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My New Signature Pizza and the Cactus Show

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I’m ready to declare this my signature pizza:Untitled

  • thin crust
  • olive oil
  • apricot preserves
  • roasted garlic
  • rainbow chard (heat a little olive oil over medium head, add chard, fry (covered, stirring occasionally) for approximately 10 minutes until pleasantly soft, add salt and pepper to taste)
  • a little parmesan
  • smoked gouda
  • thinly sliced brie (I remove the rind)

So good. It’s kind of similar to the last pizza I made with chard, although that one is a lot more work.

Sorry the only picture I have is the bad one I just took of the microwaved leftovers at work (the other slice has red sauce, roasted garlic, yellow peppers, onions, and parmesan/mozzarella/gouda).

We went to the Colorado Cactus and Succulent Society show at the Botanic Gardens yesterday. It was cool. We bought a cactus that’s winter hardy and will allegedly grow to be 5 feet tall. We also got the guy below, who was picked out by Soren. I have a thing for cacti/succulents in glass containers, if that can be considered a thing.

another silly photo of usat the Botanic GardensUntitledUntitled

Written by Tracy

March 18th, 2013 at 2:11 pm

Stuffed Artichokes

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Have you made stuffed artichokes? Until today, I never had. We used to get them all the time when we lived in Oak Park. There was one place in particular — a little sandwich/pizza place called Massa in Elmwood Park, IL — that made awesome stuffed artichokes. (They’re still open, but I don’t see stuffed artichokes on the menu. If you’re in the Elmwood Park area and you enjoy panini, I recommend the Giardino (seasoned grilled eggplant & zucchini, roasted red pepper, Portabella mushrooms, provolone cheese, leaf spinach, red onions, Roma tomatoes & basil pesto mayo) no mushrooms of course because mushrooms are gross.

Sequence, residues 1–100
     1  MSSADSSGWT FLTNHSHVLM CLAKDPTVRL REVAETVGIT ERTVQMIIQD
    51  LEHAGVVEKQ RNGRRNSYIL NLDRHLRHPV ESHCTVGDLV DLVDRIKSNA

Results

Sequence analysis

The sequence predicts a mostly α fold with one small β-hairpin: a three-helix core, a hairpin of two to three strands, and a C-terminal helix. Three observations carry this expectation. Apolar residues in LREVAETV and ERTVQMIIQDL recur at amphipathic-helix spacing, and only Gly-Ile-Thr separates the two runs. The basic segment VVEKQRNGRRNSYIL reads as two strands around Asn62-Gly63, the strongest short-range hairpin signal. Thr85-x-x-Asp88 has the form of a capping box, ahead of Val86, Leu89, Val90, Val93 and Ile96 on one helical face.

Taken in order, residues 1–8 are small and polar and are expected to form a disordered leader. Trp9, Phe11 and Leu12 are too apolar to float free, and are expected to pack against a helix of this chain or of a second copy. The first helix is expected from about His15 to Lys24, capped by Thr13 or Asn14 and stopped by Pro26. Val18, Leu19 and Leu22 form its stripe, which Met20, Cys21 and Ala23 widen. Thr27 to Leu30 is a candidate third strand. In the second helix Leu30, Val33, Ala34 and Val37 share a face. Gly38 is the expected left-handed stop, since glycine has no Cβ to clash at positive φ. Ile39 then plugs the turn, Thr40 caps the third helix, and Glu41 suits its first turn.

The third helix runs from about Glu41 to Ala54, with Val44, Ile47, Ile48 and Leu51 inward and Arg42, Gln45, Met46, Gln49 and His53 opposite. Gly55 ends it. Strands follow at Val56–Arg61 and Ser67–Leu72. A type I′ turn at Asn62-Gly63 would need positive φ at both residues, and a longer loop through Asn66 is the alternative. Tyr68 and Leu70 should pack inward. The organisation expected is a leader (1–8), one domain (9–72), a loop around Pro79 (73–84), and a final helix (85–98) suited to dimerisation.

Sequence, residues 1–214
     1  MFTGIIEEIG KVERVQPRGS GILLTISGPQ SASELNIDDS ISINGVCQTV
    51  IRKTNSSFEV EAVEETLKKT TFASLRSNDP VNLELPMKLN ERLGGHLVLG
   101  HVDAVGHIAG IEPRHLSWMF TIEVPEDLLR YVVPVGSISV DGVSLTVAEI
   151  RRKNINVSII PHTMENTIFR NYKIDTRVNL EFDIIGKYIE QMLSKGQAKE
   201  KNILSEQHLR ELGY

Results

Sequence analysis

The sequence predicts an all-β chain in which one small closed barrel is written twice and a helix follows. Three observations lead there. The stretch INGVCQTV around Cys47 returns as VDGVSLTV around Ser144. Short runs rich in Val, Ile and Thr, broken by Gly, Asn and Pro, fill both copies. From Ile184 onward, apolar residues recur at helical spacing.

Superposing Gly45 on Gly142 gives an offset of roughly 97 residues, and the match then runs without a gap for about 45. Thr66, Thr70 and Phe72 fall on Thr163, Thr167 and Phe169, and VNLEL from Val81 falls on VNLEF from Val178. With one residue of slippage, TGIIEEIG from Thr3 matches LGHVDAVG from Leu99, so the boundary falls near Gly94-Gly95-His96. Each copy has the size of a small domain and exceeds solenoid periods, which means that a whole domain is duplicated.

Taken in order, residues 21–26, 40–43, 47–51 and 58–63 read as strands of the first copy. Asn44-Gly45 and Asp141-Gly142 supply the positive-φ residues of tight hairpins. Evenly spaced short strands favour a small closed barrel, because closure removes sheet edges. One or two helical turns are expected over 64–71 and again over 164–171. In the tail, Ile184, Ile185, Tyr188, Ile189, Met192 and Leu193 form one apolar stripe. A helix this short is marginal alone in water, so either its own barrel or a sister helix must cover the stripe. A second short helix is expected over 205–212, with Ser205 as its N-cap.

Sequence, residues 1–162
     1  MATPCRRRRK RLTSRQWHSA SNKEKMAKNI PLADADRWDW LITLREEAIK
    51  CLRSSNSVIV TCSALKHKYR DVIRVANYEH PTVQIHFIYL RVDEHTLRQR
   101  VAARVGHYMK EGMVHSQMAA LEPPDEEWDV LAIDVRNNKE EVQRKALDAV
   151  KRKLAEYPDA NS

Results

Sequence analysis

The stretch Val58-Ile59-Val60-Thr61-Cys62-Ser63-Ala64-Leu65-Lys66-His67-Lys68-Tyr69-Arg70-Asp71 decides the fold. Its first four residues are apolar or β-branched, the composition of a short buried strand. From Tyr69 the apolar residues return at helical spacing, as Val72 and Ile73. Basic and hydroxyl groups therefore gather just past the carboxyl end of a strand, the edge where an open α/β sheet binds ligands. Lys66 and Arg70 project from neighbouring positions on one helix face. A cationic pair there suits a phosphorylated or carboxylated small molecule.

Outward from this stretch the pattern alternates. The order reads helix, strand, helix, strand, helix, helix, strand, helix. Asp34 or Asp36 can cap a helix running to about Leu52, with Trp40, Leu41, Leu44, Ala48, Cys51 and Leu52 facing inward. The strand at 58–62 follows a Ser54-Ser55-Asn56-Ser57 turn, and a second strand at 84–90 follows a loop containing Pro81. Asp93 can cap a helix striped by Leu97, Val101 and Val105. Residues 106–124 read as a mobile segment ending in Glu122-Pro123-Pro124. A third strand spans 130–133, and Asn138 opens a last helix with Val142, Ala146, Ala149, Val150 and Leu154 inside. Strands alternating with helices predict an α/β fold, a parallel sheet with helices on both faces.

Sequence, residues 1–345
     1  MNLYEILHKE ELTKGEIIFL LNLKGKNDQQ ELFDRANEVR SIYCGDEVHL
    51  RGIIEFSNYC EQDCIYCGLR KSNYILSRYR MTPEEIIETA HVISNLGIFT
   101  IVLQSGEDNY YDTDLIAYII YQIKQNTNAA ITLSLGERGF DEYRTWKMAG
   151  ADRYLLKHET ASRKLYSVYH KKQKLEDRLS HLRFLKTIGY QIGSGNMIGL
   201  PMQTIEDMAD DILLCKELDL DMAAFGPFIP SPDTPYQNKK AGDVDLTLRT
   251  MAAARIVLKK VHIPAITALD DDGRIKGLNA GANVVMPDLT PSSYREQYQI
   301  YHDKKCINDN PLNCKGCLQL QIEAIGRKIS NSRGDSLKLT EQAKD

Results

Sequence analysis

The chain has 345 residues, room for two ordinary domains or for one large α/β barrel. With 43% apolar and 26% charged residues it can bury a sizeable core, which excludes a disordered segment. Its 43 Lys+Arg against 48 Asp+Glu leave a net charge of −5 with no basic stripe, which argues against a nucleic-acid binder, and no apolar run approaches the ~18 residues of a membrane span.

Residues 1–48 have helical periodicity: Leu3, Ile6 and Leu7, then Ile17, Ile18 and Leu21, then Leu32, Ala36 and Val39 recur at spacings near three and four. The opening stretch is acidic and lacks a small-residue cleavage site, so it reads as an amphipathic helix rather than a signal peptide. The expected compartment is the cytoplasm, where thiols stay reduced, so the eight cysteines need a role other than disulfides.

Anyway, we hadn’t had stuffed artichokes since we lived in Illinois, so it’s been what, almost 10 years now. Holy crap I can’t believe we’ve been living in Colorado for almost 10 years. We never found a place in Denver that has stuffed artichokes and they seemed like a total pain in the ass to make, so we just forgot about them.

Until artichokes showed up in our weekly produce bin and instead of swapping them for something else I figured it’s about damn time we tried making stuffed artichokes. So tonight we did and . . . holy shit. Do you ever do that thing where you eat something really, really good and you kind of roll your eyes back into your head and say “Oh my god” several times? Homemade stuffed artichokes might make you do that. They’re exactly as good as the ones you get at a restaurant.

The good news is they’re not bad to make. The trick is to focus on stuffing the center of the artichoke and the outer leaves really well, and be okay with the fact that there will be some leaves in the middle that won’t get stuffed. When you’re eating them, you really won’t care.

As always, I took a shitty iPhone picture of my food.

stuffed artichokes

The other good news is I found a recipe on the internet that’s pretty much perfect from Saveur (here), so I don’t have to sit here and write a new recipe. The only adjustments we made were: add oregano and bake for 60 minutes. Also our artichokes were on the small size but we still used four and had the right amount of  filling and we forgot to broil after sprinkling cheese on top, but oh well. We made bread crumbs by baking a few slices of homemade French bread at 350 until dried and then crunching them up using a bowl and a cup mortar-and-pestle style.

If you’ve ever had even the slightest desire to make stuffed artichokes, you should totally do it. So good.

Written by Tracy

February 17th, 2013 at 8:33 pm

Posted in and life,Food

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WTF do I do with this baby bok choy?

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Toasted sesame noodle salad